The Avon Foundation has implemented a sophisticated and comprehensive need-based philanthropic strategy that addresses every facet of the disease. Recognizing the complexity of the problem of breast cancer among all groups of women, the Avon Foundation is distinguished from most other donors that fund a single institution or scientific investigator by supporting a virtual national network of research, medical, social service and community-based organizations, each of which is making a unique contribution to helping patients or advancing breast cancer research. The Avon Foundation awards funding in breast cancer screening, diagnosis, treatment, support services and scientific research, including prevention and therapeutic vaccine studies.
Breast cancer beneficiaries which range from leading cancer centers to community-based, non-profit breast health programs are selected through a rigorous review process that includes the Avon Breast Cancer Crusade Scientific Advisory Board and the Avon Foundation Board of Directors. Programs and institutions must satisfy strict criteria that align with the Avon Foundation Breast Cancer Crusade's mission of funding access to care and finding a cure for breast cancer. The Foundation makes grants only to organizations and institutions having tax-exempt status under Section 501(c)(3) of the Internal Revenue Code. A majority of the net proceeds raised through the Avon Walk for Breast Cancer will stay with breast cancer programs in the geographic areas where the Walks are held.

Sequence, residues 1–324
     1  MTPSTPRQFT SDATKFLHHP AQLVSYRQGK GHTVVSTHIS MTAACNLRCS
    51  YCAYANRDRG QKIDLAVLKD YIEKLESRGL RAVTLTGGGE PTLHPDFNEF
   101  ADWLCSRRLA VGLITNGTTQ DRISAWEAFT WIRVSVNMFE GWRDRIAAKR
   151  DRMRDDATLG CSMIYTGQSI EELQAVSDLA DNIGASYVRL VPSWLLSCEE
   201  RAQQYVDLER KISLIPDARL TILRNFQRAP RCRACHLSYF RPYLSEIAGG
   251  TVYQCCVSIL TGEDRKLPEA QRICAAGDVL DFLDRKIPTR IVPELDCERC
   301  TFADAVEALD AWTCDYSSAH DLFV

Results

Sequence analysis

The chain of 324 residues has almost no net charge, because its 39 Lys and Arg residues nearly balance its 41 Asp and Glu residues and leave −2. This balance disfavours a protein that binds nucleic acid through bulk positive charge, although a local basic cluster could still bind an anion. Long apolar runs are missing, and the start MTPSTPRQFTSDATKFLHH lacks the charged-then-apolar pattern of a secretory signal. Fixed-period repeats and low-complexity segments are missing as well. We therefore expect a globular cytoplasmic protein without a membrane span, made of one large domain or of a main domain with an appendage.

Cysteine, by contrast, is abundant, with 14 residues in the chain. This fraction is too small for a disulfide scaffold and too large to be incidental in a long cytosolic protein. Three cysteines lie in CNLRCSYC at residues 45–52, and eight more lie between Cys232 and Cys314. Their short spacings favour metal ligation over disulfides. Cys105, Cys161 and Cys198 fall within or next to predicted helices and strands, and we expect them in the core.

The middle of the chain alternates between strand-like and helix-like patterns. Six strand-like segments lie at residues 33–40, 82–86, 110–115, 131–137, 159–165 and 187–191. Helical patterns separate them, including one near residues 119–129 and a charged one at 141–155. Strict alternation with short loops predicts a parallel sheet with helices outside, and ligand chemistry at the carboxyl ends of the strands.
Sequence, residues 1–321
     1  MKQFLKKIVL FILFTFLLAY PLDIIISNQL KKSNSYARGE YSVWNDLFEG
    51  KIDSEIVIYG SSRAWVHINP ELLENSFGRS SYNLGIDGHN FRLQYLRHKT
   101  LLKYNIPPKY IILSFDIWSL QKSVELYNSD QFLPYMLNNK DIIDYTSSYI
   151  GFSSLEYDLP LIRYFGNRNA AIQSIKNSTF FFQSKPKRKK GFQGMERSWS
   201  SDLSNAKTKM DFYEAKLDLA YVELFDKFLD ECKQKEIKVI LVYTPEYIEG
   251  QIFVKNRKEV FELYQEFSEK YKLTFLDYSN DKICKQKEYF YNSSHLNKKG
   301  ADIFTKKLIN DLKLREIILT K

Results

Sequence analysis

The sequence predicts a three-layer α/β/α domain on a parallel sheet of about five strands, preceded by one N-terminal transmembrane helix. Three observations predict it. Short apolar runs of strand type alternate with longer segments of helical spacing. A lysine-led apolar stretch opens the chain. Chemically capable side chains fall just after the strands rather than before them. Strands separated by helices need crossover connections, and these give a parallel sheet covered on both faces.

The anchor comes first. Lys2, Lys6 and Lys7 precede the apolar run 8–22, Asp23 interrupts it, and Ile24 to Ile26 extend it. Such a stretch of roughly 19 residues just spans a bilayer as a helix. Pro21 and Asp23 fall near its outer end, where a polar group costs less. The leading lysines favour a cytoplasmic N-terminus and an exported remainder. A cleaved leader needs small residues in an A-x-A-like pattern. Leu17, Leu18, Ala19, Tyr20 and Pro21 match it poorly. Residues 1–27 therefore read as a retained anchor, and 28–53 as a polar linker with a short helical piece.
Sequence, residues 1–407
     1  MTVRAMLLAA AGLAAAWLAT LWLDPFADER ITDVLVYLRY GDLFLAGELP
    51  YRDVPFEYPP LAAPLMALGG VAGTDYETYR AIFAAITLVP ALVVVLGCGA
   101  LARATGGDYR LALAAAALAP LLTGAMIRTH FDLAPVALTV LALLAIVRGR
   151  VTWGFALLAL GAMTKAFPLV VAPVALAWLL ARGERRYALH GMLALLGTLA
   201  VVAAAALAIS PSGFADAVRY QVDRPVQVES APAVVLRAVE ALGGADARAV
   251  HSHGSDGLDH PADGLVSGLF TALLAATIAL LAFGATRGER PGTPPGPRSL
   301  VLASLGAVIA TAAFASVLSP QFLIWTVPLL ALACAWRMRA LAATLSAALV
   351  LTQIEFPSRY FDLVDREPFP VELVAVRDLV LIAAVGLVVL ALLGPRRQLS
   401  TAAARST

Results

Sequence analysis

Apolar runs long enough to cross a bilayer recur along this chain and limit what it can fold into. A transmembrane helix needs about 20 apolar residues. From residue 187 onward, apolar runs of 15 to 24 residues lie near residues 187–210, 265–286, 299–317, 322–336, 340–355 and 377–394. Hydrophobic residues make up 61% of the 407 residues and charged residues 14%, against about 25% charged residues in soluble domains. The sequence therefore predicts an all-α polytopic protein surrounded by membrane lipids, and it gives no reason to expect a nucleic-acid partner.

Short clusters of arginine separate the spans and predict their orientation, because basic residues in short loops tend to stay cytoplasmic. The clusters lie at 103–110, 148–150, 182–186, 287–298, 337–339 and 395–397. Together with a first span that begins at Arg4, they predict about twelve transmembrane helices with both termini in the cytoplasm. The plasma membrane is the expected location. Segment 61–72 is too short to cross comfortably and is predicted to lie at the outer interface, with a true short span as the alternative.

A detailed listing of benefiting organizations can be found at http://www.avonfoundation.org/.

Details of some of the initial funding announcements at past Avon Walks can be found on our website in the Press Center.

How much money is returned to the cause?

Total Avon Foundation revenue in 2006 was $69.9 million. Expenditures, including grants for breast cancer, domestic violence and other programs, exceeded $73.7 million. Of total expenditures for the year:

79.5% was directed to mission programs and services, including grants, gifts and awards to beneficiary organizations (this is what is commonly referred to as “net return” to the cause)
3% covered management and general activities
17.5% covered fundraising expenses

These results exceed philanthropic fundraising guidelines.

Funds are awarded for access to care and finding a cure for breast cancer, including funding for education and awareness; screening and diagnosis; support services; access to clinical care; and research, all with a focus on the medically underserved.